>> Have you considered C5-up Vette ? ZO6 is strongest of the lot. 23.5" CV centerline to mounting face,(reduces polar moment). I question if Audi ratios are best for this type of build ? Good Luck, flyingwedge. :)

Breakneck88
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Re: transaxle that fits a SBC

Post by Breakneck88 » Thu Jun 20, 2013 2:07 am

Th425 is a transverse auto 3 speed. The majority of the parts are from the th400.. Extremely tough. I can find them in late 70s early 80s front wheel drive Eldorado and some riviera. They put the behind big bop engines. Then came th375.a little weaker bit with OD. The have a neat setup with the axle actually passing through your oil pan, or modify the pan so the axle goes under it.

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Re: transaxle that fits a SBC

Post by pdq67 » Tue Jul 02, 2013 9:29 am

Kick me, and kick me again!!

He, He!!

Just maybe a highly hopped up 302 Z28 engine in front of a '65 or '66 Corvair transaxle.. Power can be made to approach 500 Hp! And T will be down because of it just being a 302 engine..

Kick away..

pdq67

PS., just how bad an idea is this??

Please come back...

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Re: transaxle that fits a SBC

Post by jsgarage » Mon Jul 22, 2013 11:04 pm

PDQ, you do NOT want to run any significant power thru a stock GM Corvalr 4-speed tranaxle. The weak spots are the tranny itself which is a low-torque Saginaw, and the next one is the tip end of the mainshaft. The shaft is about 24" long and the last 1/2" sockets into the Saginaw clutch input shaft. Side loads in 1st gear crack the fully hardened tip off. Even with 327 Chev conversions, if you add big tires that hook up, you WILL break the mainshaft. Even a pumped Corvair 6 will break it, and mainshafts never were cheap.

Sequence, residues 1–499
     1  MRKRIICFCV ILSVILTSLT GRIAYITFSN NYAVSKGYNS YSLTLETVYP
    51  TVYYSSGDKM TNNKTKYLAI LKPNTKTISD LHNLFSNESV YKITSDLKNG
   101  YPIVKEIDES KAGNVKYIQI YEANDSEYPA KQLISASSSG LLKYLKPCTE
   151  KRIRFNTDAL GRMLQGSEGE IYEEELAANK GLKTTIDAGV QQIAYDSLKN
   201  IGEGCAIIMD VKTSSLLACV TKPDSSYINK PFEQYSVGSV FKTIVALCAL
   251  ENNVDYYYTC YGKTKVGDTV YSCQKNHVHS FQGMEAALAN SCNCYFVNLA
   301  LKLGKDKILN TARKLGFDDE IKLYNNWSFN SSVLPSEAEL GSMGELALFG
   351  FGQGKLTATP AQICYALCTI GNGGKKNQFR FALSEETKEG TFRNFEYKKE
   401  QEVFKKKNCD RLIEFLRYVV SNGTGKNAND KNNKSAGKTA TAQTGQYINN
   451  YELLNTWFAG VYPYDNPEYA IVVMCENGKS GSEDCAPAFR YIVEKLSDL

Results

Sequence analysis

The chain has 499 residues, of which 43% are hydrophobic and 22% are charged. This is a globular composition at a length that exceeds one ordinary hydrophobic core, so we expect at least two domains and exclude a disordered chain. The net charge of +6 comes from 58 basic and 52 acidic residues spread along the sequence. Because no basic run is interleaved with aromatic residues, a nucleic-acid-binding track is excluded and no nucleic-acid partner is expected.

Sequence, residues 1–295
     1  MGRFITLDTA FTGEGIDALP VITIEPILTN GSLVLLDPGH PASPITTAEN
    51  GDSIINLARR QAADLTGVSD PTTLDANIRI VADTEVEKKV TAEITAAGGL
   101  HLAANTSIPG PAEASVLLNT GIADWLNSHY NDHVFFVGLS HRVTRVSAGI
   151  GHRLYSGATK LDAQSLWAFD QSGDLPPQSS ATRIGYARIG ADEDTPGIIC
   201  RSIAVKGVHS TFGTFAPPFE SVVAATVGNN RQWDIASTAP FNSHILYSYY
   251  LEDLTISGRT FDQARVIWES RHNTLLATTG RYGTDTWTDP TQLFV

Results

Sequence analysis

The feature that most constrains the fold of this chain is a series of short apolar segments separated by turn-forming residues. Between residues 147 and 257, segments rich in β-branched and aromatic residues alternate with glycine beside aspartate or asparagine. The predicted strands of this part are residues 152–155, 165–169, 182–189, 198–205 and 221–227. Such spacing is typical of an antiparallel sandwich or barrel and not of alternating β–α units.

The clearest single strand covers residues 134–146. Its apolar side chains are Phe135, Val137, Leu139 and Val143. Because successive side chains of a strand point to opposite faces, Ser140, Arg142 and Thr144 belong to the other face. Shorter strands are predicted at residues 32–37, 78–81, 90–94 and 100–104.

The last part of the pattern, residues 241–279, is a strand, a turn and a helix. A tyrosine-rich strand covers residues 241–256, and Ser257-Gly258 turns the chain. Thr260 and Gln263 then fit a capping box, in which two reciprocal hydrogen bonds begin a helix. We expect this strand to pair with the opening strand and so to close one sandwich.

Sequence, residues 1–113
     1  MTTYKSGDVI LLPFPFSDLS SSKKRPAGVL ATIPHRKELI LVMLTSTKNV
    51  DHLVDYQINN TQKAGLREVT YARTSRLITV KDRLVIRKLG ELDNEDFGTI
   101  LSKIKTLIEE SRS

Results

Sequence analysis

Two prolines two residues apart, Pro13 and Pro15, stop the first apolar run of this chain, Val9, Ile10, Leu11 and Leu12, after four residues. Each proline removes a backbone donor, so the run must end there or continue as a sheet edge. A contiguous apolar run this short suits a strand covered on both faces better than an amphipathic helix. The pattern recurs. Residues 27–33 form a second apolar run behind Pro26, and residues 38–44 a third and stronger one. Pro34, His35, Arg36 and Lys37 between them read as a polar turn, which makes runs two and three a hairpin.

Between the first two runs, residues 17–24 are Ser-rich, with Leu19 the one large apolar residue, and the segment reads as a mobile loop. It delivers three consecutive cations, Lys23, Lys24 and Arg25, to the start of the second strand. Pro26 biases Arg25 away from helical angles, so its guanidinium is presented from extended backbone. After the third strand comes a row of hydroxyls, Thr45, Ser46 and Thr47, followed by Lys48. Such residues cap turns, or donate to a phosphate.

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Re: transaxle that fits a SBC

Post by Schurkey » Mon Aug 12, 2013 11:11 am

Breakneck88 wrote:Th425 is a transverse auto 3 speed. The majority of the parts are from the th400.. Extremely tough. I can find them in late 70s early 80s front wheel drive Eldorado and some riviera. They put the behind big bop engines. Then came th375.a little weaker bit with OD. The have a neat setup with the axle actually passing through your oil pan, or modify the pan so the axle goes under it.
Not exactly.

The TH 425 is a longitudinal, not transverse FWD auto 3 speed. The torque converter and the pump is "split" from the rest of the trans, power is transferred by a silent-link chain. The main part of the trans runs alongside the engine, driving forward. Used from '66 to '78 in Toronado and ElDorados, but never in Rivieras. May have gone longer in GMC motorhomes. '79 Toro/ElDo/Riv was a downsized vehicle that used a TH 325. The TH 375 and 375B were rear-wheel-drive transmissions, the 375 is a light-duty version of the TH 400 but using a smaller output shaft and fewer clutch plates, the 375B was a heavy-duty version of the TH350 using additional clutch plates. Short story: At that time in GM terminology, a "25" was a front-wheel-drive transmission: 425, 325, 125. A "75" was a heavy-duty version of a lighter transmission: 375B or 475. The light-duty version of the TH 400 (the plain 375) was the exception to that rule.

An aftermarket conversion of the TH425 switch-pitch torque converter to full manual control was advertised as a "six-speed" transmission, even though it was the typical 3 speed but with driver control over the high/low torque converter stall speed.